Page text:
When I met Murat Nemet-Nejat in the 1980s, I knew him as a Persian poet and the author of The Bridge, one of my favorite long poems of all time. It was many years later when I learned of his translations, and began to read some of the poems that would appear in I, Orhan Veli.
I hadn’t read any Turkish poetry before. It was quite different from what we were writing or reading here in New York City. I loved it. Turkish poetry was a strange mix of old and new. I could feel the sparking, the light of the poet shining through. Yet the writing was grounded in more than a thousand years of poetic tradition.
In those years I was working on an ambulance and playing in a rock band. The only language I knew other than English was a bit of health-related Spanish I picked up in East Harlem. When Murat asked me to translate a poem for his upcoming book, EDA, I said, “I don’t speak Turkish!”
“That’s not important,” he replied. “Anyone can translates the words, but I need you to translate the essence.”
It was true, I guess. Putting a poem into google translate would only give you a bunch of words. So I agreed.
I didn’t really know what I was in for. I bought myself a Turkish Dictionary and met with Murat over coffee. He handed me a longish poem from the poet Lale Muldur called, “The Yellowing.” Muldur was a Turkish poet who had a rock and roll sensibility and a background in science. She was born the same year I was.
I went home and tried looking up words in my dictionary. It gave me a possible vague general idea of what was going on, but nothing that even made sense.
I called Murat and he said it didn’t matter, but he gave me a basic sense of the poem. Just write, he said. I’ll know when you’ve got it.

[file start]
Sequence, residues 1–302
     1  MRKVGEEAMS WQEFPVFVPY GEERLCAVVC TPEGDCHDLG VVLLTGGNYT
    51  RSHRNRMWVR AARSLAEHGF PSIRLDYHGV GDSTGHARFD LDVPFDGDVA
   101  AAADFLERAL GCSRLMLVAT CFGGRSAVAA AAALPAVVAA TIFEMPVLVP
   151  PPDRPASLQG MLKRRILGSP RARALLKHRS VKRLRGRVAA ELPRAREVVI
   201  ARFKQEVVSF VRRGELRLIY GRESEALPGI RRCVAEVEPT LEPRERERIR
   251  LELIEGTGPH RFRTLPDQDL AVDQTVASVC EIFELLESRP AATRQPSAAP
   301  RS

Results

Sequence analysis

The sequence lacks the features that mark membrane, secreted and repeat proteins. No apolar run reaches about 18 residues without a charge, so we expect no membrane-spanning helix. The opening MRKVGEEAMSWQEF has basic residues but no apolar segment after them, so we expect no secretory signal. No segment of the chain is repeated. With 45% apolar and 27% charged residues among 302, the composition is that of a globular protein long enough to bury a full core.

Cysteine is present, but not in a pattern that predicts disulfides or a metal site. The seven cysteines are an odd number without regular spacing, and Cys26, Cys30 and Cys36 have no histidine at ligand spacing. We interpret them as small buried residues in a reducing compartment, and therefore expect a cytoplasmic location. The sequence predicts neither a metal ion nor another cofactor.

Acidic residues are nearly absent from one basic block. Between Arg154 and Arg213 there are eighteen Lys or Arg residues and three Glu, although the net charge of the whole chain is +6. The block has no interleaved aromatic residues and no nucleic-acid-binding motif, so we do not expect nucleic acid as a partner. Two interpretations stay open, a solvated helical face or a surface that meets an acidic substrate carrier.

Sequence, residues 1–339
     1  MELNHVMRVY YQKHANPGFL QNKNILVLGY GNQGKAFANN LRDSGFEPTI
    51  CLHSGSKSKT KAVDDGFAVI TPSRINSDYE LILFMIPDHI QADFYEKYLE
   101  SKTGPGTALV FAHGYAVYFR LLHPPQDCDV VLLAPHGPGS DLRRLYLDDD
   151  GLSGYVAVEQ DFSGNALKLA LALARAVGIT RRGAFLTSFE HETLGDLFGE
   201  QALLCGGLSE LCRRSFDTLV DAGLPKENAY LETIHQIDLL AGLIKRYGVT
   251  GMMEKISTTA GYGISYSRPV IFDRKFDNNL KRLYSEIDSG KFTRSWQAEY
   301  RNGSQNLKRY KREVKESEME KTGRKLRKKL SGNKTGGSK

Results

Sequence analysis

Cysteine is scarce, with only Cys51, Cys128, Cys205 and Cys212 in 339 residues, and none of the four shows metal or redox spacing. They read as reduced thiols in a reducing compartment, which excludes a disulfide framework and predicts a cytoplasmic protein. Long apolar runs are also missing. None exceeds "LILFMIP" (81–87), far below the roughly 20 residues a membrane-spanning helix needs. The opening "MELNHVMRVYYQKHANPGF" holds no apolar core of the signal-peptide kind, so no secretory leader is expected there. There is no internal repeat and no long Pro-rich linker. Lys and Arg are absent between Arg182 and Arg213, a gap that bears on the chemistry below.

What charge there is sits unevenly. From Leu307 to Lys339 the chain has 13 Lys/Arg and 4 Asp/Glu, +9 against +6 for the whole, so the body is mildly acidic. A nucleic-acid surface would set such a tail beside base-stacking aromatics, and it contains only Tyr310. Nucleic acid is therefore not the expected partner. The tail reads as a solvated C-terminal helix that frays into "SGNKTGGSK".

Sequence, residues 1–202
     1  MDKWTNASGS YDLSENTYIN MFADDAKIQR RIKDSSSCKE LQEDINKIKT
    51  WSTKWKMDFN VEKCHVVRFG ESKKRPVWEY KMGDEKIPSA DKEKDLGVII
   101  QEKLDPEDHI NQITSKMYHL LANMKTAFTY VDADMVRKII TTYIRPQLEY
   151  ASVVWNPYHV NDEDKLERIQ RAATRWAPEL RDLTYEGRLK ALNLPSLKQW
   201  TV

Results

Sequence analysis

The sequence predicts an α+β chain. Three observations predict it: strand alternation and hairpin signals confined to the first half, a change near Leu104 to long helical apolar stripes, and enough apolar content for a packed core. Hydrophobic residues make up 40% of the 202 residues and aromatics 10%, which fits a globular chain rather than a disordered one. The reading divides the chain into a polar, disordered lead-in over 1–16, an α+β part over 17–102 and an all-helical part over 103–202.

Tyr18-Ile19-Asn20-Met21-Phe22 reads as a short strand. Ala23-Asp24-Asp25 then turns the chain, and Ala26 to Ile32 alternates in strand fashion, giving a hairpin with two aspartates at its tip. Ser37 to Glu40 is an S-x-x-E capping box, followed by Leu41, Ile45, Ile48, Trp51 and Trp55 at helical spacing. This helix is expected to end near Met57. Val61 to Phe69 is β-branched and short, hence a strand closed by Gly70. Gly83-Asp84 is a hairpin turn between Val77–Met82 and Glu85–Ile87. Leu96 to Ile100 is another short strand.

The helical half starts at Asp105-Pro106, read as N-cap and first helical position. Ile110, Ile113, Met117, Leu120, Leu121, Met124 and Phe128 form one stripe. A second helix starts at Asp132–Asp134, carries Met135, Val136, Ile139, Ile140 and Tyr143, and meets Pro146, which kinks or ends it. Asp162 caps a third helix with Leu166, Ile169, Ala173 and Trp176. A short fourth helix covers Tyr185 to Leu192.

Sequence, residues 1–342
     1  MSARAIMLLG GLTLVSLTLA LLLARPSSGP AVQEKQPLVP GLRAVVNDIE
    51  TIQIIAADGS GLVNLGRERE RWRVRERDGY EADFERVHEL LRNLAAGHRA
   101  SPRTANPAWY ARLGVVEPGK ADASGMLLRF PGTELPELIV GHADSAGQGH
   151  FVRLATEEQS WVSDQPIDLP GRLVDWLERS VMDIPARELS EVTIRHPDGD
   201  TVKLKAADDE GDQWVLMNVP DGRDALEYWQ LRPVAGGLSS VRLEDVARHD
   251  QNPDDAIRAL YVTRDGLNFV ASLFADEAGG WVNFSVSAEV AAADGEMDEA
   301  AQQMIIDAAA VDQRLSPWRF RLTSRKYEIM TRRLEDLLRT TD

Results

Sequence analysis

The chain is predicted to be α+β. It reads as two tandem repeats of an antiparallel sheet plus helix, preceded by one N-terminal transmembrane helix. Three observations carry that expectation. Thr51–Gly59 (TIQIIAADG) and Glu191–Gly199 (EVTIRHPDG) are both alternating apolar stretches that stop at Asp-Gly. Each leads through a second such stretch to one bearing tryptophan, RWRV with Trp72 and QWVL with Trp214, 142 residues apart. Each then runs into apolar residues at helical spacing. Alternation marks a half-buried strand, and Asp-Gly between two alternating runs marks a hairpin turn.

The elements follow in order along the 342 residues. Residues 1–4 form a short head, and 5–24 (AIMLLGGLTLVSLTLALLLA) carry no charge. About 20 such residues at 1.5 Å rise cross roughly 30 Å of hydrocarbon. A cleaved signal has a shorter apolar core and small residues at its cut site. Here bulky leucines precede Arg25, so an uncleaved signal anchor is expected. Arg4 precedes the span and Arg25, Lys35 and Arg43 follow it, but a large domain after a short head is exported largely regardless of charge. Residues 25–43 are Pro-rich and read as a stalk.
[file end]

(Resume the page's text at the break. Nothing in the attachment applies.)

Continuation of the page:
The weeping sweet baby the mint leaves swirling
The kids are wearing their colors baby,
oh it’s only knives they’re happy . . .
I began to get a sense of Miuldur’s voice, and Murat and I kept meeting, Murat is a poet who is willing to put everything into art. He was still working at the time, but we’d meet after he was done and slowly an actual poem emerged.
in a tinkling of knives
a cloud of fireflies
love showed up crackling light cracking light
I rose sadface I got
an armful of oranges
made time stop then made it go
like the sun and her shadow
As we got deeper into the process, I felt like I was channeling something--not my voice and probably not Lale Muldur’s voice, but something brand new, real and true in the twining of Muldur’s and Murat’s voices with my own.
well love slipped out the back way
in the blast of a horn the rain of pollen
headed west into the violets
and sepals hair
matted with the chicky-chick of
y el noche noche noche
something twined around my heart
it was just a lost tornado
folding up its wings
in this cold dark forest
in this land of yellowing
y el noche noche noche
just look at that light
it falls like gold dust through the night
I must have rewritten that last stanza fifteen times, working with Murat over a coffee house table, until finally we hit on it. Though I am credited with translating the poem, I consider it more of a collaboration, and I was honored to collaborate with a poet of Murat’s caliber,
Excerpts of “The Yellowing” from the book EDA, edited by Murat Nemet-Nejat